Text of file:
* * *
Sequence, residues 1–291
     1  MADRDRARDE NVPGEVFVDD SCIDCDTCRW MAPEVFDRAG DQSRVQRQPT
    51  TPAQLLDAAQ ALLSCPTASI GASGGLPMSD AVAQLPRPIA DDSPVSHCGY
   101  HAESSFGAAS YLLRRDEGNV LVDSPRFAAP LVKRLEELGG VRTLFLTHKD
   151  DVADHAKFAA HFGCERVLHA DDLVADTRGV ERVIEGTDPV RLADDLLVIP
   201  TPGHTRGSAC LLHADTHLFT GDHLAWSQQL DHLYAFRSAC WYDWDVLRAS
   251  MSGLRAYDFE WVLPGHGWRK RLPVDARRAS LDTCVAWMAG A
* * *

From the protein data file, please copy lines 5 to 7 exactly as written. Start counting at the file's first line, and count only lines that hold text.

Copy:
   151  DVADHAKFAA HFGCERVLHA DDLVADTRGV ERVIEGTDPV RLADDLLVIP
   201  TPGHTRGSAC LLHADTHLFT GDHLAWSQQL DHLYAFRSAC WYDWDVLRAS
   251  MSGLRAYDFE WVLPGHGWRK RLPVDARRAS LDTCVAWMAG A